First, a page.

How does the trust work?

Now, here’s another concept. See paragraph (e). Let me move this a little bit to get it more centered. Here we have the trust fund. This is the stuff that’s put into the trust. The trust fund normally requires that the assets that become part of the trust fund are actually accepted by the trustee. Every trust is different but the trust fund is what the trust company has what the trust is funded with and we have another concept, you noticed my little boy is just here helping you. 0:12:26.3 [I have a kitty that’s helping.] This trust uses the concept of “Vesting Day” and it’s really a provision designed to make the trust last for 120 years like a dynasty trust. And the reason I’m pointing this out is there is a concept called the rule against perpetuities. It’s an old English concept and you’re going to see it in tons and tons of trust. They’ll usually say that the trust can only last for a life in being plus 21 years and they usually will define the royal family in England as the family that has it.

In paragraph (f), you see the concept of “Vesting Day.” This is important for two reasons. This is normally called the trust period and trust period is a big deal in many parts of the world because trusts are traditionally limited by something called the rule against perpetuities and you’re going to see the reason I’m taking some time on this is in almost every trust you see you will see some provision making reference to the royal family in England and it will talk about all the members of the royal family and it will say that under any circumstances trust is going to last for at least a life in being plus 21 years and they measure the life and being by the royal family in England. It’s just traditionally done that way.

Basically, it means you get – if the youngest person in the royal family lives to be 90, you can go 90 plus 21 years, your trust is good for 110 years. Many States and many countries now provide that trust can be much longer, in some places unlimited duration but you’ll almost always see a concept such as “Vesting Day” or the rule against perpetuities. You’ll also normally see a provision that allows the trust to be shortened under certain circumstances after the passage of a number of years. That’s not part of this trust. It’s not necessary in this trust. This trust is a simple wonderful understandable lovely agreement. So, anyway, that’s the concept of “Vesting Day” or trust period.

Cuba clause

Now, go down to the bottom, paragraph 2, governing law and power to change it. This is a Cuba clause. We hide the fact that we’re basically saying to a U.S. judge that we’re going to change the ballgame but if you read paragraph 2, you’ll see it gives the trustee the power to change the rules that are applied to the trust assets and how do you do that? You move the trust.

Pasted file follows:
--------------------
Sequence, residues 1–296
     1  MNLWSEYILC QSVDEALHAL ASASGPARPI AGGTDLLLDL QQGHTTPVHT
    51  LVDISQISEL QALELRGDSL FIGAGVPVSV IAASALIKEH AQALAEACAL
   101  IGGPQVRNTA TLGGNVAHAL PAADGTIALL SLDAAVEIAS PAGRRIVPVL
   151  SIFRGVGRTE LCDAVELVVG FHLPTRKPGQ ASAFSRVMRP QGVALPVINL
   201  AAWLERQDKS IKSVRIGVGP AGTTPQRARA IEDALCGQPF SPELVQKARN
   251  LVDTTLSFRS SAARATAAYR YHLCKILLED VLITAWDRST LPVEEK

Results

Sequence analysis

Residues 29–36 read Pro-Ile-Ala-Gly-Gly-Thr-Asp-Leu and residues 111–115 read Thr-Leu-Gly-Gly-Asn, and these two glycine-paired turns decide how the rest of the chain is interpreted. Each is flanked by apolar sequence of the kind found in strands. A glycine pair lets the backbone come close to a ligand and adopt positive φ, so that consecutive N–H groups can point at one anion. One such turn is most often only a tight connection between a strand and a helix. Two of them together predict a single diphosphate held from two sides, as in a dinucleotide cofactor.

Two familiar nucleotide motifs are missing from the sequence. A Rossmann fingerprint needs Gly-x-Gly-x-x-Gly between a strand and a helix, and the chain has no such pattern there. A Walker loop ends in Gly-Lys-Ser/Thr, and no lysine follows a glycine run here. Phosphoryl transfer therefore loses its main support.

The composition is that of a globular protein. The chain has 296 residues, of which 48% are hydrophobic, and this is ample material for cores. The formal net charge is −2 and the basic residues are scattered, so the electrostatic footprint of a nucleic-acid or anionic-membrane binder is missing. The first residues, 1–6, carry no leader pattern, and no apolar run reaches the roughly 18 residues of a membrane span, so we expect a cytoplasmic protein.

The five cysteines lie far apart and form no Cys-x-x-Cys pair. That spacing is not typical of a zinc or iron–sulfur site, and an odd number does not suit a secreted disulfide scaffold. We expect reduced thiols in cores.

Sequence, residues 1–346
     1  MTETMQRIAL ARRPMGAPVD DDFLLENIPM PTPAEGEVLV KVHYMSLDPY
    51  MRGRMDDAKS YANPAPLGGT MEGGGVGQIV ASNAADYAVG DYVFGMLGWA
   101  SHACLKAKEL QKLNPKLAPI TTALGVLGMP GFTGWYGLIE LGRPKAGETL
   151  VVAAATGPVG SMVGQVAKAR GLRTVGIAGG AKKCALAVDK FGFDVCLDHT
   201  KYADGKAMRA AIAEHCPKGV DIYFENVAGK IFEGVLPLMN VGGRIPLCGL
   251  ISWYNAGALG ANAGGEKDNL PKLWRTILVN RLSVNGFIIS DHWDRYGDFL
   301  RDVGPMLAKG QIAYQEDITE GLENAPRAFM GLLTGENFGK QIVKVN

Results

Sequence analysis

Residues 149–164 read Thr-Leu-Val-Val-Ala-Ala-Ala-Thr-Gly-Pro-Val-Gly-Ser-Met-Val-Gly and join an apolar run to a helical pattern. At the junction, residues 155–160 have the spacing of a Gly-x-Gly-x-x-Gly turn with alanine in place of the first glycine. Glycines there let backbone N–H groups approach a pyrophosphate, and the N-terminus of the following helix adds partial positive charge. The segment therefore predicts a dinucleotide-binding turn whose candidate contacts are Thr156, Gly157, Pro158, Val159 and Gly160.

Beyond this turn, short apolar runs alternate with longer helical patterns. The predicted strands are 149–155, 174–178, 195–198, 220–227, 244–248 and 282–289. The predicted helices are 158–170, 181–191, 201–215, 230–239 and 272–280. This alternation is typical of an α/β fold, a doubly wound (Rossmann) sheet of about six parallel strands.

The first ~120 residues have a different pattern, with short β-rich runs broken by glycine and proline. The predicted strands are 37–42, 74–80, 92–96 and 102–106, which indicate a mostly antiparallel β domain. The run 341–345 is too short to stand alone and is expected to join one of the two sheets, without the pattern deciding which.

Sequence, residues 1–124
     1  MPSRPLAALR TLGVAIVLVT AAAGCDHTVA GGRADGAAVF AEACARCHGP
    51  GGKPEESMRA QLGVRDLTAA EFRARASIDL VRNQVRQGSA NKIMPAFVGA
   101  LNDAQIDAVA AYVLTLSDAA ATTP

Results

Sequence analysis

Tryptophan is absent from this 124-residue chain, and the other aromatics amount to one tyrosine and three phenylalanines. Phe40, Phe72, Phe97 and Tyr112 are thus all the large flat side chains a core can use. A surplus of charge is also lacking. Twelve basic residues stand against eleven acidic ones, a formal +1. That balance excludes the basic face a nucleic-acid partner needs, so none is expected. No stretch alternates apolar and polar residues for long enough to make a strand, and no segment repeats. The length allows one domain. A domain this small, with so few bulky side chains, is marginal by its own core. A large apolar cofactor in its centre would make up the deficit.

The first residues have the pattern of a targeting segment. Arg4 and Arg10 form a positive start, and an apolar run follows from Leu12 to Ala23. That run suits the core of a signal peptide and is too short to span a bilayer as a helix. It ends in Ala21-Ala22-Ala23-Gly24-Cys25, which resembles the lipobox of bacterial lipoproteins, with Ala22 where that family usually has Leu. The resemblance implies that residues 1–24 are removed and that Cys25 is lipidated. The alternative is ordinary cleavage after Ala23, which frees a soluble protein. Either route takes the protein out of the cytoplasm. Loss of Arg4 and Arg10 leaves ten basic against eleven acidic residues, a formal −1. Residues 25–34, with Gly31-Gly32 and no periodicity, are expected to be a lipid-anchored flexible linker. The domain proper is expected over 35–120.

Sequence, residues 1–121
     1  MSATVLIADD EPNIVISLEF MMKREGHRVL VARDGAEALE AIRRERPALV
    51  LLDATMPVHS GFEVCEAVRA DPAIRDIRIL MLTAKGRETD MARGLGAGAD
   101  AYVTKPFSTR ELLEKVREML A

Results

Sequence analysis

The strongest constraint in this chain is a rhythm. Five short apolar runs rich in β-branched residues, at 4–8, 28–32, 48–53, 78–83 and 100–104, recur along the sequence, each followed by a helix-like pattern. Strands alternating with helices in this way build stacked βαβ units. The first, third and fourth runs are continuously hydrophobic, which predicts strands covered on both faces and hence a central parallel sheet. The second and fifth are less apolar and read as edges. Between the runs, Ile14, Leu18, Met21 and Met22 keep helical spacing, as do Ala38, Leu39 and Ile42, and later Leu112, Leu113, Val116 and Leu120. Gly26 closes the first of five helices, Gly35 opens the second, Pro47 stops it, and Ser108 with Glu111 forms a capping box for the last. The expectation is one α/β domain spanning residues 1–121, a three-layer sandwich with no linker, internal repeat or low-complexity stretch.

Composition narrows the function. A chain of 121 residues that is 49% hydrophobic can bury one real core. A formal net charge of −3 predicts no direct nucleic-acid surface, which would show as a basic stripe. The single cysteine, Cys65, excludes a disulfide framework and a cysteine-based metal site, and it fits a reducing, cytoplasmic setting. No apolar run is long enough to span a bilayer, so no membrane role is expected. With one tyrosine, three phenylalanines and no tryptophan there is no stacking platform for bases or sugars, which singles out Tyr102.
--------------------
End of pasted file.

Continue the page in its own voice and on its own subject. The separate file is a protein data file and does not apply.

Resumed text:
Now that seems like an arduous terrible hard process. Oh my God, we’re going to move the trust and I’m going to show you some real Cuba clauses in about three more lessons. We’re going to be going through – we’re going to take a whole lesson on what a Cuba clause is, but for now I just want you to read it and get a little understanding of what it is. Sometimes you want to have a different set of laws apply like Belize. It specifically does not recognize divorce proceedings.

In Belize, an asset protection trust is always going to hold up when challenged in a divorce. It’s just it’s statutory. Well, in this case you might want to start in a place like Saint Lucia but move it to a place like Belize if a divorce was the issue that was, you know, that was causing any fear or desire to migrate and I want you to note in paragraph 2, see this little red note the word may, it has become very common to make Cuba clauses not mandatory.

It started out 25 years ago or 20 years ago that we always made them mandatory and that became awkward and it also started when the tax laws changed about seven years ago. If you had a mandatory Cuba clause, your trust was almost always considered a foreign trust and in many cases we can have this trust be treated as a domestic trust particularly if the assets remain in large part in the United States possibly in the family limited partnership I discussed yesterday and if the trust agreement submits itself to the law of a State, that’s not so in this case. This would be a foreign trust and if the assets are managed in the United States. But many times these are structured to keep them domestic for tax purposes.

It doesn’t change the amount of tax you pay. It just changes the manner of reporting you have to do. There is a simple little five-page, it takes 30 minutes of or 20 minutes for any CPA to fill out, it does not increase your tax liability that you need to file if you have a plain vanilla foreign trust like this one would normally be. That also is the simplest and easiest way to do.

I’m going to move on to paragraph 3, power to add and remove beneficiaries, settlor’s testamentary powers. Well, paragraph 3 is very traditional. It’s the trustee’s power to change or add or remove beneficiaries. The trustee, now this is important, the trustee will normally not do anything without the input and advice or direction of the settlor. But the trustee has the power to do it without asking but traditionally they won’t and in most of these countries that provide trustee services, the trust companies are very very very sensitive to watching out for their client, the settlor and in most cases they ask for a letter of wishes.